Water and sewer lines identified from taps or meter to unit, type and size of material used
One-line electrical drawing : amps at meter and unit; conduit size; type, quantity, and size of conductors; grounding system
Foundation system details, dimensions, materials, connections and fastening, etc.
Foundation design unique to each building site
Documents Insignia and labels
Installer insignia An installer or contractor shall affix and complete an Arizona insignia of approval to each manufactured home , mobile home, or single-family factory-built building as certification of compliance with State statute and rules.
Insignias are affixed at the tail-light end of each unit, approximately 1 foot up and 1 foot over from the road side.
Labels or insignia present on building as appropriate.
Is it a HUD Manufactured Home or a Residential Modular?
Consumers, retailers, installers or LAHJ arent aware of the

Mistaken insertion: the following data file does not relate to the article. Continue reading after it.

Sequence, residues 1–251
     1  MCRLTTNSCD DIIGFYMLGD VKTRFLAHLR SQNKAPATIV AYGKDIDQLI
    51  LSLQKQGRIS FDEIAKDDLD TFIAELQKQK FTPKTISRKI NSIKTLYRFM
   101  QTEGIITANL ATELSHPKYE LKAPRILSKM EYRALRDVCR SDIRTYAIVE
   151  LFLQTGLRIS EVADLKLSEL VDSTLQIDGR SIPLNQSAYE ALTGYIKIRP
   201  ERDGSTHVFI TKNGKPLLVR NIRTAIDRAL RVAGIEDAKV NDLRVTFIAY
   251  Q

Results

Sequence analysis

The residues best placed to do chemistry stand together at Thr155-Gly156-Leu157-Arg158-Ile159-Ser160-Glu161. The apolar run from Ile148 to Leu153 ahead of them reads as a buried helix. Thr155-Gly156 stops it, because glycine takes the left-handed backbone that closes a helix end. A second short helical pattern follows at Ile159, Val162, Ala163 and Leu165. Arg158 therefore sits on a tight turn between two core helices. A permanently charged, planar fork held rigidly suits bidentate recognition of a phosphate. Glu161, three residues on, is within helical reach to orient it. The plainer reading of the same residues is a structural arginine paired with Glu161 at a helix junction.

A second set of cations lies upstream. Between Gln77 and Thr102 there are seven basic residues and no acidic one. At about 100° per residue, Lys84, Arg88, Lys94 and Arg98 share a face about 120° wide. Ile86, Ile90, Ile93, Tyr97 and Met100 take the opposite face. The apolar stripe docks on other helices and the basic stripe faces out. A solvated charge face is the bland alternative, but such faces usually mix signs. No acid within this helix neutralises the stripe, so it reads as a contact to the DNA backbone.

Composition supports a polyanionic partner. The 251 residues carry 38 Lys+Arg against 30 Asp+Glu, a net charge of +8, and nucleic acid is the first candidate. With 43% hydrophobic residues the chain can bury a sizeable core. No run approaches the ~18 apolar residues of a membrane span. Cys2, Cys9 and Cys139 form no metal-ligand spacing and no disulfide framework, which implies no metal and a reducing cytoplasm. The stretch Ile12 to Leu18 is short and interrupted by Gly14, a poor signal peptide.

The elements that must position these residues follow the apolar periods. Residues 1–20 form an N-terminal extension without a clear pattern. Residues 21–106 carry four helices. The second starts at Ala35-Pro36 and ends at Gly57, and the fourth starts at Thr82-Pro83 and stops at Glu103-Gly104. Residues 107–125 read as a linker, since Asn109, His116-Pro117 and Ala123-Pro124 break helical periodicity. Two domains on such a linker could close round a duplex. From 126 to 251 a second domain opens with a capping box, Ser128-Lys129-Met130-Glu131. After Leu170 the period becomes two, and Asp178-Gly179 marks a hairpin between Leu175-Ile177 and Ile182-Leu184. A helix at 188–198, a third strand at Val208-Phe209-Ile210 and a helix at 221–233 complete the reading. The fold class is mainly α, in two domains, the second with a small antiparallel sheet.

Permitting processes do not request home specific
information to identify type of home
Foundation and/or installation plan not submitted to LAHJ
and State for approval
Improperly identified and appraised
HUD manufactured home and modular may look identical
Terminology Manufactured Home Structure built on or after June 15, 1976. A Manufactured Home is designed and constructed to the Federal Manufactured Construction and Safety Standards and is so labeled. The home is transportable in one or more sections. In traveling mode, the home is eight feet or more in width and forty feet or more in length. The home is:
At least 400 square feet Built and remains on a permanent chassis Designed to be used as a residence with a permanent foundation